Mycorrhizal Inoculant products have been around for more than 10 years but the number of products available is rapidly growing. Clearly manufacturers are finding customers willing to pay for these products, but are they worth the money? Do they work? Are companies able to provide solid evidence that their products work?
I have done an investigation and you will be surprised by the results.
It’s planting time and most fertilizer manufacturers and nurseries are pushing their high phosphorus products, usually under names like Plant Starter, Root Booster and the one I really like “MegaMass”. These fertilizers claim to “supply the high phosphorus needed for rapid root development”.
Who doesn’t want good roots on their newly planted babies? Are roots not the key to great plants?
Fertilizing orchids has always been a mystery for the novice orchid grower, but once you understand your orchids it is very easy, as I’ll show you below.
It’s no surprise that fertilizing orchids is confusing since manufacturers go out of their way to make it complex. First of all, they sell special containers labeled for orchids. Here is your first news flash – there is no such thing as orchid fertilizer, and I will prove it below.
Secondly, they sell products you don’t need, like this orchid plant food mist. Not only is misting not good for orchids, but they don’t need a foliar fertilizer. If you think that misting helps keep the humidity high, have a look at Increasing Humidity for Indoor Plants – What works and What Doesn’t. But even that does not bother me too much. What really ticks me off is the price they charge for these products – its criminal.
“Virtually every year, a new product appears on the market that claims to be the answer for the elimination of mosquito nuisance. In nearly every case, the promotion is accompanied by a great deal of advertising, but the merits of the product are rarely backed with scientific testing. The American public has invested billions of dollars in zappers, repellers, and plants that claim they will keep mosquitoes from biting. ”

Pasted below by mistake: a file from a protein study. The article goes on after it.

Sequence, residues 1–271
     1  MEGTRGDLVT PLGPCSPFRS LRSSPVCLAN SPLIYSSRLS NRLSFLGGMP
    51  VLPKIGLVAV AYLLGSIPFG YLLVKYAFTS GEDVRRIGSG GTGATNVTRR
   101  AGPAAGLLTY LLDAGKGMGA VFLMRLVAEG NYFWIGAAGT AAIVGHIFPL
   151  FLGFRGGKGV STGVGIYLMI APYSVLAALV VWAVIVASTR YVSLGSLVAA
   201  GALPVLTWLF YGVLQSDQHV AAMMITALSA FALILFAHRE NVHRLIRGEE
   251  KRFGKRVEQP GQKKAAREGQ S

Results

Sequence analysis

Growing orchids is popular now that plant prices have come down and people are starting to learn how to grow the plants. For orchids to do well they need to to be repotted regularly in a good airy media.
In recent years, suppliers of commercial potting mixtures have switched from clear bags to white bags. There are probably some good financial reasons for doing this, but it also causes a problem; you can’t see what you are buying. For regular soil that isn’t as much of a problem, but for orchid media it is a big concern.
Jiffy peat pellets, also called Jiffy pellets and Jiffy-7, are a convenient way to start seeds. Just add water to the small pellets and they expand, ready for us. Place a seed in the top and in no time you will have happy seedlings.
This all sounds like a good idea, but how well do plants grow? Are the pellets bio-degradable in the garden?
Someone on a social site asked if anyone knew of a light meter that would measure the amount of light in their garden. I burst out in laughter thinking this was a great joke. Then someone posted a link to just such a product; the Sunlight Calculator. I cried. Are people really buying such a product?